I’ve just got back from a day at Greenbelt in Kettering – it’s billed as a ‘festival of faith, arts and justice’ and somewhere I’ve been going, on and off, since I was 11. Although by no means perfect – like a lot of festivals and a lot of churches, it’s very white and middle-class, and this is sometimes reflected in the programming – but it’s also a place I’ve kept returning to, and really value.

I was meant to go last year, but for obvious reasons, wasn’t able to – although I knew camping is beyond me now, going for the day seemed doable so that’s what we did! My parents have been as day punters before but when I’ve been it has always been for the whole weekend, so that was new to me! I missed a few talks I was interested in but I should be able to download them to listen to later.

My highlights were, in no particular order:

  1. Seeing lots of friends, most of whom I haven’t seen in far too long! It’s always been something I’ve valued about Greenbelt, and this year was no different – I’m sorry to the people I didn’t bump into! After having spent all of today talking to people, after my consultant appointment tomorrow I’ll try not to speak to anyone for the rest of the week because I think I used my weekly allowance of words today!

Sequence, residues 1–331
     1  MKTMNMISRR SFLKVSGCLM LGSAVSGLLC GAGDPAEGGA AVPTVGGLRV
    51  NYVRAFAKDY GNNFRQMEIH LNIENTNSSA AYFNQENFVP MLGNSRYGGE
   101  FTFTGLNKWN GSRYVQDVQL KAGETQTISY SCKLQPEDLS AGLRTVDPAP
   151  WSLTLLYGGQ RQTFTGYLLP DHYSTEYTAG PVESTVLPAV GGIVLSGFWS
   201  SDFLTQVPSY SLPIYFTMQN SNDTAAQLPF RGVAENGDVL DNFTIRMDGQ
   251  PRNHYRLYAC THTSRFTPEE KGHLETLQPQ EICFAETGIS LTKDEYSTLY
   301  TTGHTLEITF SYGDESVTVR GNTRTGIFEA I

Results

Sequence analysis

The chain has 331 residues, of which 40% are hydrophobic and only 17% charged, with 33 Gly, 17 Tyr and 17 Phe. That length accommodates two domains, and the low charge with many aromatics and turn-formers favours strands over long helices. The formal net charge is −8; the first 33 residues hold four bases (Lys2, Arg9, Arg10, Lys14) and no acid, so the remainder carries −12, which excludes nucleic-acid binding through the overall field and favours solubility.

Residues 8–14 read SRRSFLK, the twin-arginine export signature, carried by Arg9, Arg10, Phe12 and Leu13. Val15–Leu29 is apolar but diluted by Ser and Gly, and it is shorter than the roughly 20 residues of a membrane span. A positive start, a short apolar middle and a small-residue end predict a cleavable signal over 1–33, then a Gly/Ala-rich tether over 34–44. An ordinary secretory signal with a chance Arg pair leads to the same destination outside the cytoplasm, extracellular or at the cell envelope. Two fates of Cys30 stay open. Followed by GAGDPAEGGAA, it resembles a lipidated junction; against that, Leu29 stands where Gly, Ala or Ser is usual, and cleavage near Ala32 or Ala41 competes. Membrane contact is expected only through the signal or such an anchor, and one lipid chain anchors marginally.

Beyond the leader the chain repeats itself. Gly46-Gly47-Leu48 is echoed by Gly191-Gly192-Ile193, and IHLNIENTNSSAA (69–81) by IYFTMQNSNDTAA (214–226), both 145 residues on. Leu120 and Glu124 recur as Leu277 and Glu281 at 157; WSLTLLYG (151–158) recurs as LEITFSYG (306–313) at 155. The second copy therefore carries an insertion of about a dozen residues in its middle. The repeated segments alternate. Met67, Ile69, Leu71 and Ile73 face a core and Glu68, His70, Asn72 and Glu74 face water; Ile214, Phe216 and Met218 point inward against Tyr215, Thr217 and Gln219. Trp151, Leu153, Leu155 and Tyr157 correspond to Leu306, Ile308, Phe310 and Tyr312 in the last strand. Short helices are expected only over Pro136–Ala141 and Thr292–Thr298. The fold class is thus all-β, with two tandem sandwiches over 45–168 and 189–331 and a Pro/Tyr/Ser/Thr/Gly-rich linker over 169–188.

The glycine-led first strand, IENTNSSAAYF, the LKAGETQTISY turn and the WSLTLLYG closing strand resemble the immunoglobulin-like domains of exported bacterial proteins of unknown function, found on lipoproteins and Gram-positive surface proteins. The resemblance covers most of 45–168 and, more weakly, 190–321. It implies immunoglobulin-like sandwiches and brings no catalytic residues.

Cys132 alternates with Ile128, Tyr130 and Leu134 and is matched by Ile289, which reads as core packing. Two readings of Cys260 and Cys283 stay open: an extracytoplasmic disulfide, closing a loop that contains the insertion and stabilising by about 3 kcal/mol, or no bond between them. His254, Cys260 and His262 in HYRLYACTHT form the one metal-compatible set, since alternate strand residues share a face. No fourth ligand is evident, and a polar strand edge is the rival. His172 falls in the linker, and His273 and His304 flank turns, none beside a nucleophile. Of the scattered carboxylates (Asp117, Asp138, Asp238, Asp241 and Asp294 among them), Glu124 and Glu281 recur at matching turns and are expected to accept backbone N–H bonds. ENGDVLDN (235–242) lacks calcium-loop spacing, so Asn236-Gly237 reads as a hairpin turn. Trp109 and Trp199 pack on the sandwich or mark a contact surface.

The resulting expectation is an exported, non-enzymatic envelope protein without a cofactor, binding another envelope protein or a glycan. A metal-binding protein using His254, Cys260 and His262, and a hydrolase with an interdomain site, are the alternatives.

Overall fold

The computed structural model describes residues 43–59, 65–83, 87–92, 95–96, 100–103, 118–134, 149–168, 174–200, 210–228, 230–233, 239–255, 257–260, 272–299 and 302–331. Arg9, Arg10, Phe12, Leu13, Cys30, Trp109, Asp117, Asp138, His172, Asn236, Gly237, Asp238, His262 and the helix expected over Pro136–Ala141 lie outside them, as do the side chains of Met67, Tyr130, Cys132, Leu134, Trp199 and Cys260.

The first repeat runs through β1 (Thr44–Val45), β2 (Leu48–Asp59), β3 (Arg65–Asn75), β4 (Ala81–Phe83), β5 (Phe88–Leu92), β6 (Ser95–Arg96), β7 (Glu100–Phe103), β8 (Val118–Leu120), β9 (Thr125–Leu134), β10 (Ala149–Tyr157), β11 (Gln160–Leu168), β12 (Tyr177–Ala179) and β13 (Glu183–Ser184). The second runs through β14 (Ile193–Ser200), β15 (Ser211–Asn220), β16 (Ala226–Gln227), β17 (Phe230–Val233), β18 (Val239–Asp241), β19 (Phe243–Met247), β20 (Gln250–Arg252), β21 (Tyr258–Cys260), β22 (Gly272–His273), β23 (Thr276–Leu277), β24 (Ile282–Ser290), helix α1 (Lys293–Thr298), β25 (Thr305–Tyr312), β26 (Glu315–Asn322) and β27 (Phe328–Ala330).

2. I was called a ‘twitter icon’ (never going to stop boasting about this) and lots of people told me they read this blog (hello!)
  3. My glitter wellies were also complimented, which makes the money I spent on something I didn’t actually *need* entirely worthwhile.
  4. I also got to see some good music and a really interesting talk about journalism, which ended up going in directions I didn’t think it would.
  5. After being worried that we wouldn’t be able to go after the weather yesterday, just being able to be there was great. It was very different going for a day to going for the whole weekend – as a proportion of my time, I spent longer getting to know the site, venues, food vendors etc, but I still enjoyed myself!

The accessibility was pretty good – it must be hard to make a festival fully accessible, but Greenbelt has an access team and even with a few (literal) bumps in the road, they did a good job. Because I wasn’t camping I can’t speak for the disabled camping, but I’ve heard good things about it.

Here’s the website if you’re interested:

Greenbelt Home Page

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